More and more, tango dancers – whether they tango socially or take it up a notch and go for professional practice – are looking into how yoga can help improve their dancing.
In many cases, yoga and dancing go hand in hand as beginner yoga poses are used for warm-up before tango classes and especially before working on technique. In other cases, yoga workshops are included with tango workshops.
That’s why in this article, I’m sharing how yoga and tango work together and why adding yoga to the exercise routine can help any tango dancer.
But first, what is Tango?
In this article, I’m referring to Argentine Tango, a social dance that has its roots in the slums of Buenos Aires. Traditional Argentine Tango music is melodic and romantic. Its signature instrument is the bandoneon.
In Argentine Tango, there’s a leader and a follower. The follower often surrenders to the sound of the music and the leader by closing their eyes.
Keeping the posture in Tango
Here is where yoga and tango go well together. Tango requires both the leader and the follower to keep their posture. And balance. Since the follower (usually the lady) dances elements that may throw her off-axis, learning to keep the posture is crucial. And you cannot do that without balance.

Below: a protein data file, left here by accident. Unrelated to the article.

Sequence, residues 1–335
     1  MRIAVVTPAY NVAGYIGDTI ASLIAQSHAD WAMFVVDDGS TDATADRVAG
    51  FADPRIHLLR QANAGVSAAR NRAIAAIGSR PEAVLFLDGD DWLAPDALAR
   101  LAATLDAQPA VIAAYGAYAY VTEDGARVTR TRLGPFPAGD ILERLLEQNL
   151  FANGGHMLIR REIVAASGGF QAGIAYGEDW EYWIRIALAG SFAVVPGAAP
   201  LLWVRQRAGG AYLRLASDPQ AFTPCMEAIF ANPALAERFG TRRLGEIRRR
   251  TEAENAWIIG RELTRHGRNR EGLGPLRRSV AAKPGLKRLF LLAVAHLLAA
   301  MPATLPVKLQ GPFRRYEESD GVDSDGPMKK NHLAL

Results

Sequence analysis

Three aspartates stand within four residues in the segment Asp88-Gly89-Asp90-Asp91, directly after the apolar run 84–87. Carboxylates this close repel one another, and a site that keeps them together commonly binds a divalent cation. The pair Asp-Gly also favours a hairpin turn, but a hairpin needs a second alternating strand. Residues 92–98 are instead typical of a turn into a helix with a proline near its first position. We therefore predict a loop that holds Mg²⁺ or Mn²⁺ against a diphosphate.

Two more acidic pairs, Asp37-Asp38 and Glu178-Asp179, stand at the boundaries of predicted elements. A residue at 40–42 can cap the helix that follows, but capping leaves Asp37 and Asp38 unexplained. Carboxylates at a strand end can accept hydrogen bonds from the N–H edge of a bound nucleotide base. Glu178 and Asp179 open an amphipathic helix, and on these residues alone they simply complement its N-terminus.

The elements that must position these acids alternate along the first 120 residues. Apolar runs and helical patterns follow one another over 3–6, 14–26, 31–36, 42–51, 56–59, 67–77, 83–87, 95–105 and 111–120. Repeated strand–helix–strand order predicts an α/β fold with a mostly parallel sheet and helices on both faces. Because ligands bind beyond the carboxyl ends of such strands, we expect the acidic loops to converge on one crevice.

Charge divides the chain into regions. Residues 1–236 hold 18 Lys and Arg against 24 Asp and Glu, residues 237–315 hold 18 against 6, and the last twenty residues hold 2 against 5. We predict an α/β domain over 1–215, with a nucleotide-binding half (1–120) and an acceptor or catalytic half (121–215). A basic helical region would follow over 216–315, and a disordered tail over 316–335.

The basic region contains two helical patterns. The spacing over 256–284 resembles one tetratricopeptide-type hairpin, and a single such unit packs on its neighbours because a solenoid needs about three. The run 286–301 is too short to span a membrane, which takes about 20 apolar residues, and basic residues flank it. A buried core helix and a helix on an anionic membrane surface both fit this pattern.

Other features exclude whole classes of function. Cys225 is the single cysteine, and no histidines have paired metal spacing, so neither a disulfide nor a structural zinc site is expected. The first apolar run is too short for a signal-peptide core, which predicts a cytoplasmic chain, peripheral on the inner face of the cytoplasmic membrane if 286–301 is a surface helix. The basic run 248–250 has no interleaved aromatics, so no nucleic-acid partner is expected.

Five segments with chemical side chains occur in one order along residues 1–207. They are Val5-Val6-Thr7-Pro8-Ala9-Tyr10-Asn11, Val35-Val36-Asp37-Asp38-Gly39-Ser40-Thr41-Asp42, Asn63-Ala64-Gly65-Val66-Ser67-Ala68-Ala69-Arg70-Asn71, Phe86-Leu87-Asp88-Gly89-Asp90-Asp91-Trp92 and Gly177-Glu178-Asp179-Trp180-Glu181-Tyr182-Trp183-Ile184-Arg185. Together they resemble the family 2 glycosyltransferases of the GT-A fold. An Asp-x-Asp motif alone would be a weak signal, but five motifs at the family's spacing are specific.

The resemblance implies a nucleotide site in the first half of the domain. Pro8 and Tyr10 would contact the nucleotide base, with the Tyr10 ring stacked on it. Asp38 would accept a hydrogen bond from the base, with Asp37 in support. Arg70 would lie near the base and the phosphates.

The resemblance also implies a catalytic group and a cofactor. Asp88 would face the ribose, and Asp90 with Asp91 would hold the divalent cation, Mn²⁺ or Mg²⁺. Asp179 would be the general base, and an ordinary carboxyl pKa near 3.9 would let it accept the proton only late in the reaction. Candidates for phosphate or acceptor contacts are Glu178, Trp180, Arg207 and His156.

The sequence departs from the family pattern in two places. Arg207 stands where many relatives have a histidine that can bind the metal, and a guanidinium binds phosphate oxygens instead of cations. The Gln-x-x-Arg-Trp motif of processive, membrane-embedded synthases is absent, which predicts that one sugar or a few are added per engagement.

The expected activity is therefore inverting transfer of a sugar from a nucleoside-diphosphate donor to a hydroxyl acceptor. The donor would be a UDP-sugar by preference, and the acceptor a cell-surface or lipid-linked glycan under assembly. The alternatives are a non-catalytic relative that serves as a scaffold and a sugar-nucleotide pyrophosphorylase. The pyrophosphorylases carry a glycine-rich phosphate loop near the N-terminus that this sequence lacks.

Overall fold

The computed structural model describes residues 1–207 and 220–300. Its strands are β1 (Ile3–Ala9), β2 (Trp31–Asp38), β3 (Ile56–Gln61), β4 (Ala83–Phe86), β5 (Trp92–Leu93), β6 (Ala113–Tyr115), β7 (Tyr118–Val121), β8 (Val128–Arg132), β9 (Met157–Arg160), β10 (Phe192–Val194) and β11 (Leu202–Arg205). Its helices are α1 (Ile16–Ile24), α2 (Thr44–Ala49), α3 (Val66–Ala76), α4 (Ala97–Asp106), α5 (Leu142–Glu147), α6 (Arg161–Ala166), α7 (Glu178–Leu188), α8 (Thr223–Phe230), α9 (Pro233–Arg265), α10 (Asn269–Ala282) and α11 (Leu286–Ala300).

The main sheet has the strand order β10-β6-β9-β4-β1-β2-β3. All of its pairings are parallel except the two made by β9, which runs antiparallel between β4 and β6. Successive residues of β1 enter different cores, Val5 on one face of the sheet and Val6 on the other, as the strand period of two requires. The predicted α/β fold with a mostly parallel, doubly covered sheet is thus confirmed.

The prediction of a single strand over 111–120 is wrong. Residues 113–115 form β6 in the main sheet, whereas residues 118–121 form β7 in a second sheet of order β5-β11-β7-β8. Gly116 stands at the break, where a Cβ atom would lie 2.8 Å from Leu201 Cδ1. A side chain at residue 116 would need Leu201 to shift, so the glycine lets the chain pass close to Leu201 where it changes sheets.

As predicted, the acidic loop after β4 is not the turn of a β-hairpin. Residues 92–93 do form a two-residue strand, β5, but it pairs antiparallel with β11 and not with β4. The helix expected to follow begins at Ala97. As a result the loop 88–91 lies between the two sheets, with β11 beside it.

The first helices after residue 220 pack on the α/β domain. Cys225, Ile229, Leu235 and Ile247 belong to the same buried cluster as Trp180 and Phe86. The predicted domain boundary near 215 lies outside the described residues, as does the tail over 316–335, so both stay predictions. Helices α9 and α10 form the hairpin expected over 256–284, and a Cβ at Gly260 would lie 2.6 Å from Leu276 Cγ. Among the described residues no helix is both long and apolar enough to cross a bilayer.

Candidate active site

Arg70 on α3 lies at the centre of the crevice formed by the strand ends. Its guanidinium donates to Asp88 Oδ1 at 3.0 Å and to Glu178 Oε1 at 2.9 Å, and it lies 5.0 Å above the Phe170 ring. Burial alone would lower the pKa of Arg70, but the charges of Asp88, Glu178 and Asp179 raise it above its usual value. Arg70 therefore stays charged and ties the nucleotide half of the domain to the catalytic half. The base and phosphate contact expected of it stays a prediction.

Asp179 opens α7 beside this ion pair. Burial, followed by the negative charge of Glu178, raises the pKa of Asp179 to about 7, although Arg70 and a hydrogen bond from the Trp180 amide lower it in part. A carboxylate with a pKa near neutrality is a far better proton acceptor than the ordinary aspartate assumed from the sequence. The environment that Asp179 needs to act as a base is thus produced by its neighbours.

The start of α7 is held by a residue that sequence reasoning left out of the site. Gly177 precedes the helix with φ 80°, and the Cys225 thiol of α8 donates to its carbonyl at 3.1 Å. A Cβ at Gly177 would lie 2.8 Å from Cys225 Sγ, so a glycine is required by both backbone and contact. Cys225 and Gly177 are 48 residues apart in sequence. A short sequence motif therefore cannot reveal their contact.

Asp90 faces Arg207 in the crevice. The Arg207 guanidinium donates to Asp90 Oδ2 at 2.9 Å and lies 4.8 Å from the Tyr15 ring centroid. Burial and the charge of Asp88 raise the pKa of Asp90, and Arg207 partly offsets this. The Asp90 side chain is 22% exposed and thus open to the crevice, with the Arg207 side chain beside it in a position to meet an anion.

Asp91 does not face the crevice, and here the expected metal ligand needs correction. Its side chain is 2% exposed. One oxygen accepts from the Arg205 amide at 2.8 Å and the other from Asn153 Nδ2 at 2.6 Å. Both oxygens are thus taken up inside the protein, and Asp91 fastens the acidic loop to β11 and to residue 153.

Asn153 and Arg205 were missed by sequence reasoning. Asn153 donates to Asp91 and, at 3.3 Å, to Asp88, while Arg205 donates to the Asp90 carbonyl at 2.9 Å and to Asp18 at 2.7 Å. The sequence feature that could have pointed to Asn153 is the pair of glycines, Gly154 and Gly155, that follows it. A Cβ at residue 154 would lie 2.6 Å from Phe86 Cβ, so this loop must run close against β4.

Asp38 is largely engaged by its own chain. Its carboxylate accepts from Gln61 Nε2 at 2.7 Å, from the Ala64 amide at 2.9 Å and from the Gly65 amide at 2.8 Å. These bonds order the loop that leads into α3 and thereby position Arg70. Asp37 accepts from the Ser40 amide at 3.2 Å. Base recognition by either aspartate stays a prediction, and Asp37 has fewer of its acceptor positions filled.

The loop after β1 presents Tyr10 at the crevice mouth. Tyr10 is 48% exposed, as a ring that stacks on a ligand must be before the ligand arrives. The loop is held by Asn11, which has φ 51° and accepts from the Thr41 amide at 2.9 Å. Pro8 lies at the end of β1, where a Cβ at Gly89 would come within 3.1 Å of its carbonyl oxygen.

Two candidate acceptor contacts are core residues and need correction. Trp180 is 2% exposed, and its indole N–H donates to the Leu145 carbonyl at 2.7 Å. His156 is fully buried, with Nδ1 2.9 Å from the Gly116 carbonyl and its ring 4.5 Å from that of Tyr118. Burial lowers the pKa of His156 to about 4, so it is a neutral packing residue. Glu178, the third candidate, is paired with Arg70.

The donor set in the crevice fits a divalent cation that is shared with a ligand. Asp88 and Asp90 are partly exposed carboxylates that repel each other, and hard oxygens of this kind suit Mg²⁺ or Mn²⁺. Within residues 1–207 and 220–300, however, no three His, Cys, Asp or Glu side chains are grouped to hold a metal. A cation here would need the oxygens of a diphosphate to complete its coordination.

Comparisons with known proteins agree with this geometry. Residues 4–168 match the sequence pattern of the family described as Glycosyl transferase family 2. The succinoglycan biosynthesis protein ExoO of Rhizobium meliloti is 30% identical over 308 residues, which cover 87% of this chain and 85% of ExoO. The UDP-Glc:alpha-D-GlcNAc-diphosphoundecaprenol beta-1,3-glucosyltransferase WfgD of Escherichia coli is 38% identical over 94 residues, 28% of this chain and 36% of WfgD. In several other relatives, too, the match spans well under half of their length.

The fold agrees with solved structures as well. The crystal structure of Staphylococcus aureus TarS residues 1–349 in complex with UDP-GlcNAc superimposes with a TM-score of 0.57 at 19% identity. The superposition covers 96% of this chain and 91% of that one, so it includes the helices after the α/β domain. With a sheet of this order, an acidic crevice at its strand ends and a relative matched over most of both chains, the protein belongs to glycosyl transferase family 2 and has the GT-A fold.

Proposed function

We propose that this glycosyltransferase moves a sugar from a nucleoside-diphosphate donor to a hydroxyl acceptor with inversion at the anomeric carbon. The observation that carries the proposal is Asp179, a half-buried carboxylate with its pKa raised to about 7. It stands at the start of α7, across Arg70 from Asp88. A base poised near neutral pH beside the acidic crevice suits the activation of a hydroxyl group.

While there are physical things that a follower can do – among them, engaging the core muscles to stabilize the spine – it is extremely important to stabilize their mind. I used to envy the followers who could close their eyes and go into the tango flow but I soon discovered the same bliss. Yes, especially at first, followers worry a lot about their technique and keeping the balance on top of that, plus going in the flow is really impossible. A quiet mind focused in the present moment is the key to keeping the balance. And to getting that most-wanted tango flow.
Let’s get back to my intro now. Yoga is often used to warm up before working on techniques and before dancing. Why would that be?
Yoga improves balance
Tree pose. Photo credit: Anna
There are some standing yoga poses that improve balance. At the dance school, before each tango class, we incorporate Vrksasana (Tree Pose) as well as Natarajasana (Dancer Pose) in the warm-up. I also like to do Virabhadrasana III (Warrior III).
Neither of the three poses is easy to do and requires quite a bit of practice to do them well. And imagine throwing some high heels into the mix (because, yes, ladies dance on high heels) for a really “wobbly” experience.
The three pose works the entire body. While the tree pose focuses on holding the balance on one foot, the dancer pose is extremely important for working the core muscles. And the warrior pose may look like it only requires balance on the standing foot but it also engages your entire back body.
Yoga improves mobility
As tango dancers we need mobility, else certain movements are blocked because of shortened muscles. The solution is to stretch and yoga comes in handy here, too.